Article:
The roads out to my grandparents’ farm gets smaller and smaller and smaller. My husband wasn’t convinced I could get us there. I recognized my Aunt Alberta and Uncle Bryon’s house and my dad’s best friend Glen Dale Riley’s house.

Then just when my husband was convinced we should give up, (I think the narrow road and private property signs freaked him out) we found it! If you look in the far distance you can see a glimpse of white that was my grandparent’s home.Version 2

We spent the night in the town of Kirksville, Missouri where I attended college. On the way from Novinger to Kirksville we stopped at Thousand Hills State Park, the site of many picnics and hikes when I was little and maybe a party or two during college. IMG_0242We had time to stop by the campus of Truman State College (Northeast Missouri State University when I attended and Northeast Missouri State Teachers College when my parents went). We had a fun dinner with my college friends.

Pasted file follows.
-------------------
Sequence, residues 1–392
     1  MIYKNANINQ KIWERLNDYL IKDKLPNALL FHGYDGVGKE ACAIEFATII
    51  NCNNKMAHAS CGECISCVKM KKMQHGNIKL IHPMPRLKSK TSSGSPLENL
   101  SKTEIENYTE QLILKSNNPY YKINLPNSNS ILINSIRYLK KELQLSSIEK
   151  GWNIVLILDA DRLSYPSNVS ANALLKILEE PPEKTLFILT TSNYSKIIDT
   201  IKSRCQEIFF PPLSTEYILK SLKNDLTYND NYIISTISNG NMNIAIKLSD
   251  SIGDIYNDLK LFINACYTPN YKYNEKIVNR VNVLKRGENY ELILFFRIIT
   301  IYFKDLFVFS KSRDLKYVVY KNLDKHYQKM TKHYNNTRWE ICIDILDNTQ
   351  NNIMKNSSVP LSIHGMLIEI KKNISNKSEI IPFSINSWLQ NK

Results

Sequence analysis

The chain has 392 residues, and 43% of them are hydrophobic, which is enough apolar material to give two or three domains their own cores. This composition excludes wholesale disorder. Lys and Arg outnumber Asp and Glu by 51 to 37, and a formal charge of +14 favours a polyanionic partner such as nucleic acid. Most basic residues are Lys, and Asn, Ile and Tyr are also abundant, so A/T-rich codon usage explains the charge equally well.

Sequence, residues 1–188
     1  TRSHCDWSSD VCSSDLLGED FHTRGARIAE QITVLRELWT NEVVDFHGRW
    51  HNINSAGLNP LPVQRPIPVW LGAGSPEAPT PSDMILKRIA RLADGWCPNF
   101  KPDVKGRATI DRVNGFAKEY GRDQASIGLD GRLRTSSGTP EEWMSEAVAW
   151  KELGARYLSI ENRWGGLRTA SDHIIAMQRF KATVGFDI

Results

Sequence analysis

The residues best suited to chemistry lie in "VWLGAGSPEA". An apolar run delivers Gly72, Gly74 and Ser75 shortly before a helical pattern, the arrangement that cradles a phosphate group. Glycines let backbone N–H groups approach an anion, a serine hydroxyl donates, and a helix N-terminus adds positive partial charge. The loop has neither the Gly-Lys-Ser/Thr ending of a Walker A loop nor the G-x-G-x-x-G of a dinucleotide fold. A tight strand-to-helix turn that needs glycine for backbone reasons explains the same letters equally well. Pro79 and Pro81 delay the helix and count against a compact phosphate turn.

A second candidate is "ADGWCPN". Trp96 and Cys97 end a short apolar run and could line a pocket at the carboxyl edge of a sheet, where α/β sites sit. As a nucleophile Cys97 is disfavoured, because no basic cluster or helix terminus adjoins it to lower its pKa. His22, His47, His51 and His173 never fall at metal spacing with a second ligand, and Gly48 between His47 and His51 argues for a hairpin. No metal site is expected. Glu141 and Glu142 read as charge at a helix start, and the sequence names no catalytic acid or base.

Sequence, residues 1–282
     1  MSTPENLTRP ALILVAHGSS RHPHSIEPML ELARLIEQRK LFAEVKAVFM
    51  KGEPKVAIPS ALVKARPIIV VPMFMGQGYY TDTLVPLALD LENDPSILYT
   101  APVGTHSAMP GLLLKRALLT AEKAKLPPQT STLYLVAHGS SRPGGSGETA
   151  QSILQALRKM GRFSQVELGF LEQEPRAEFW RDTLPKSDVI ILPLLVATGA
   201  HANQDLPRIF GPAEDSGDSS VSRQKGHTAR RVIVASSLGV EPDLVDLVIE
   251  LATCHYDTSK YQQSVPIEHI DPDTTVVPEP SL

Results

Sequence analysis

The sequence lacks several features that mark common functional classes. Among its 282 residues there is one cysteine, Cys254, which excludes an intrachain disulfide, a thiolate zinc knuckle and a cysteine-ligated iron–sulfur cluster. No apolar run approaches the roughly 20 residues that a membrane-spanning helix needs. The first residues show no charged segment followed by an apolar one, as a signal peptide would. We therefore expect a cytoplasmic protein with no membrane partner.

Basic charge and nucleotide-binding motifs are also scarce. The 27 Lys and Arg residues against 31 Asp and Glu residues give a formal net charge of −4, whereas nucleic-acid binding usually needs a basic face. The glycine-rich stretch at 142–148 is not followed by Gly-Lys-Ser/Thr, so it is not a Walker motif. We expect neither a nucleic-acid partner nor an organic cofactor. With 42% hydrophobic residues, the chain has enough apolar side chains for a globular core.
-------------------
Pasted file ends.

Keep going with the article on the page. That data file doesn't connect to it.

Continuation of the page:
It was on to St. Louis for the last leg of our trip. We stopped in my mom’s home town of LaPlata, Missouri.IMG_0248And then we drove on to St. Louis where my friend Dianne arranged a dinner with some of our sorority sisters. It was such a lovely evening! And such a fabulous trip. IMG_0263

Readers: Do you have a favorite memory of a place from your past? Have you been back to visit that place?

50 thoughts on “You Can Go Home Again – Part Two

  1. Sherry, I really enjoyed this post. So much like the coal mining that supported the economy around Cincinnati, Iowa in Appanoose County where my Grandparents & Great Grandparents farms were. I loved the time that I spent at the farm and worked it with my Grandparents at times in the late 60’s & again in the late 70’s. Loved the photos and yes that looks like the roads that I explored as a teenage driver. Thanks for a good memory.

  2. My uncle had a house on Cape Cod. When he was alive I used to go there and visit. This summer, my cousins’ grandchildren are there. Since my uncle died, his son and his wife tore down the old house and built an all year round house on the same footprint. Yesterday, they posted pictures on the fourth generation sitting on the landing…talk about family and memories!